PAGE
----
The Concern with Eating Disorders after the Pandemic
A recent study by ARH scholar, Dr Laura Hart, found a correlation between people at risk of developing an eating disorder (ED) and our increased use of video conferencing software.
The COVID-19 pandemic brought about many changes in everyday living, one including the increased use of videoconferencing software like Zoom or Microsoft Teams. With working or studying remotely more common now than it was a few years ago, more of us to be exposed for prolonged periods of time with our self-image.
This study examined whether ED risk was associated with videoconferencing performance for work or study and to explore whether the use of safety behaviours and self-focused attention could potentially mediate the relationships between ED risk and performance impairment.
From an online survey of 245 over 18-year-old Australians, 38.7% were considered at risk of having an ED. The considerably high percentage can be explained by further conclusions about the associated performance anxiety, impaired engagement and avoidance with work or study videoconferencing. These results show that people are more likely to feel nervous and self-conscious while on a video call, and that there is and increased likelihood of ED development with at-risk individuals.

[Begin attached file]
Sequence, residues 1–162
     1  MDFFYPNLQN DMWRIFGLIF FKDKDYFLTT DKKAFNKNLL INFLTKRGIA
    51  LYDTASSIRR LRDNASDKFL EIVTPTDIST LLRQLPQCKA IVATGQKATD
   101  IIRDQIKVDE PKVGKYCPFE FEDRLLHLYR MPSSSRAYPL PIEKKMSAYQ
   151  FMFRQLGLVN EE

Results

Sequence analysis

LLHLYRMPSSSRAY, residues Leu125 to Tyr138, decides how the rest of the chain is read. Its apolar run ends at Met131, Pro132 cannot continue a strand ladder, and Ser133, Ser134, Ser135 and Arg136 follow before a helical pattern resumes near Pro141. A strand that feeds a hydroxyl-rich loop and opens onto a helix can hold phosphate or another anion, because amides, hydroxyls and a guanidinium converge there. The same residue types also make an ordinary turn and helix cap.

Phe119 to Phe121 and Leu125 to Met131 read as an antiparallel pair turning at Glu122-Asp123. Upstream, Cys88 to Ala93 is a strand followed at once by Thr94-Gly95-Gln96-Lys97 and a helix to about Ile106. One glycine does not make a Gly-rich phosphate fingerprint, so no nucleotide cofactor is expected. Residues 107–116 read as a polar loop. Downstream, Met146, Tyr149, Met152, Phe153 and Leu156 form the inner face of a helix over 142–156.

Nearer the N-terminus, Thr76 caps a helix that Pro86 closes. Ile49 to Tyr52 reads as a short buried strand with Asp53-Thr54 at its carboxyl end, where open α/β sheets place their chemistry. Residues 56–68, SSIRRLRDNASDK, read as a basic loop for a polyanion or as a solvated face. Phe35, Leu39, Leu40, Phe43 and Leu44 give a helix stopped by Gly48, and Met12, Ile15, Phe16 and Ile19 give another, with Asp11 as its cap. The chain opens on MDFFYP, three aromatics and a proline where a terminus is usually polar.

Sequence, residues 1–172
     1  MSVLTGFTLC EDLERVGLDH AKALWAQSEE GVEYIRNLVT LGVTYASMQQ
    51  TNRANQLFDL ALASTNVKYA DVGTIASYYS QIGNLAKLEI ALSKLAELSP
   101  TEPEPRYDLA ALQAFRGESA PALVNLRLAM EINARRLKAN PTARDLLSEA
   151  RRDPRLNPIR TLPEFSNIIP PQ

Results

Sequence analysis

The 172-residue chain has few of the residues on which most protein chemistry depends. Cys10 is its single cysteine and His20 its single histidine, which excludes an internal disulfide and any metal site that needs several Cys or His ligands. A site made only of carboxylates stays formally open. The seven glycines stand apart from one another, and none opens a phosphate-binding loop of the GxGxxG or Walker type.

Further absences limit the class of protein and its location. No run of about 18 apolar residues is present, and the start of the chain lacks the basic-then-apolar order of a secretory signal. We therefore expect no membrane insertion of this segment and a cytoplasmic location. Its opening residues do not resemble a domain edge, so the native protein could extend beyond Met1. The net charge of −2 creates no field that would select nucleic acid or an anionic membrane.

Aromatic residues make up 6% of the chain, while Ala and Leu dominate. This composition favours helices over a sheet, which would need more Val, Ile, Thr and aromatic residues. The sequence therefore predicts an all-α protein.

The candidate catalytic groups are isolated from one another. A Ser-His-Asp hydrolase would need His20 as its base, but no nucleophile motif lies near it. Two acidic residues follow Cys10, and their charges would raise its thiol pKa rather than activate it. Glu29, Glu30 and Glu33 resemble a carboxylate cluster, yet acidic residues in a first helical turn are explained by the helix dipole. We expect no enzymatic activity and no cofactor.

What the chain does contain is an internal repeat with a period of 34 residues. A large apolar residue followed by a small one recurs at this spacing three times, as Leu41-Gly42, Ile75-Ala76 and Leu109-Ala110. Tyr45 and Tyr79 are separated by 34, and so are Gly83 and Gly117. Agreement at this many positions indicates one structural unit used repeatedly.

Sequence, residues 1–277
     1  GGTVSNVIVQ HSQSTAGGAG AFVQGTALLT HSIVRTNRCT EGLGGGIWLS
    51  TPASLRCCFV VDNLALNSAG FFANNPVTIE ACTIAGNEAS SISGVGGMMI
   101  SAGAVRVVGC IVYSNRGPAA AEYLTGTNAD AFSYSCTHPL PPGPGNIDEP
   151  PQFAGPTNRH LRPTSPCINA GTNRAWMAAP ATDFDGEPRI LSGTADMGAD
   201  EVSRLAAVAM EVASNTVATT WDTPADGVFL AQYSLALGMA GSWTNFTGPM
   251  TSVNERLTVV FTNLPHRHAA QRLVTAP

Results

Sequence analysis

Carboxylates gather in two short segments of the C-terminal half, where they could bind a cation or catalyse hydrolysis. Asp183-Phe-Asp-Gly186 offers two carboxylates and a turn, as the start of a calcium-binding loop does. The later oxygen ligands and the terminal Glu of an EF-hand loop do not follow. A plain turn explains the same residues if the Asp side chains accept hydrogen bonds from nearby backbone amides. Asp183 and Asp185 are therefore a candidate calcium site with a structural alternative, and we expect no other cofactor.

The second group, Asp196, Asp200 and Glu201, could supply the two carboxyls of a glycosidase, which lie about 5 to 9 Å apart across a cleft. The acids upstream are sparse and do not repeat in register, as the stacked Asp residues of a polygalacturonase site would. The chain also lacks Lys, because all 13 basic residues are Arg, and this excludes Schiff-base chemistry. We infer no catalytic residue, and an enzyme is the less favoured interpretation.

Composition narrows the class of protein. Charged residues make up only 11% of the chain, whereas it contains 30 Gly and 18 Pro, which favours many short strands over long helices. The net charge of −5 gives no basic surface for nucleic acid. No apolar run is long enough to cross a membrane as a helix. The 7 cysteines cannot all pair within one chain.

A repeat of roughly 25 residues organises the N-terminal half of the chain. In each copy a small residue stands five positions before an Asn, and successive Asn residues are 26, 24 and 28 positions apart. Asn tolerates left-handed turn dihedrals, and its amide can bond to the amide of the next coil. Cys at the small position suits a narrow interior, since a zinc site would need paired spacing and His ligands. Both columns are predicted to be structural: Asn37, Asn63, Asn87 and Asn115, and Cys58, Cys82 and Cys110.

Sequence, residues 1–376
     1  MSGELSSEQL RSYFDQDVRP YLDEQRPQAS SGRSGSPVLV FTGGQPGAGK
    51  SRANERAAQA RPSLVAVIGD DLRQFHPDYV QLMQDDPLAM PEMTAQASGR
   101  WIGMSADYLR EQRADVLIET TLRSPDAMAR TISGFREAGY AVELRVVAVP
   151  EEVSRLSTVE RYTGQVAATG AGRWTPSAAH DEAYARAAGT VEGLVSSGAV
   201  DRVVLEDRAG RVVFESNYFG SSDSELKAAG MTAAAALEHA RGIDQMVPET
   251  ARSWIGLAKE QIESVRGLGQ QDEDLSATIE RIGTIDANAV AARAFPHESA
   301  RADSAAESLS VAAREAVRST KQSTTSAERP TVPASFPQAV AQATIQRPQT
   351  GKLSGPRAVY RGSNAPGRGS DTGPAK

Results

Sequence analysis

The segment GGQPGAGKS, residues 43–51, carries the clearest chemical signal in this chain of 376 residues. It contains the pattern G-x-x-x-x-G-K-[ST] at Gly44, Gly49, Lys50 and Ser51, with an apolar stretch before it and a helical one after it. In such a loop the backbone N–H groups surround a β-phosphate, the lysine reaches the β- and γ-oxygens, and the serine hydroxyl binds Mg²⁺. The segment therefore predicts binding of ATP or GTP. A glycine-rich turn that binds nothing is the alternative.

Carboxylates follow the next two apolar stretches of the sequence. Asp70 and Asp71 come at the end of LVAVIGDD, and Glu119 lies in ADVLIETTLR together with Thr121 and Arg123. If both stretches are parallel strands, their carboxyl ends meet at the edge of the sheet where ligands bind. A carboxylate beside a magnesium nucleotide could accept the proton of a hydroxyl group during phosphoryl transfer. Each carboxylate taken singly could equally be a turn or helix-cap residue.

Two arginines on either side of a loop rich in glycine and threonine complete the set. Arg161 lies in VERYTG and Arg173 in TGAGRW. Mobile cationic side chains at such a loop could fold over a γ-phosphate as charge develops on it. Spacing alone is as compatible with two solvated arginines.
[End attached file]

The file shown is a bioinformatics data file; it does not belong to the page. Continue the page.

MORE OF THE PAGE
Safety behaviours and self-focused attention mediation models were used to combat the negative associations with video calls, however, illustrating little benefits in reducing the effects of ED risk. See the full study here.
Dr Laura Hart was also involved in a program called ‘Confident Body, Confident Child’, a world-first program designed for parents of 2-6 year old children to prevent body dissatisfaction, eating and weight disorders. The program is available in Australia and internationally.
Media contact: email@example.com First published 22nd March 2023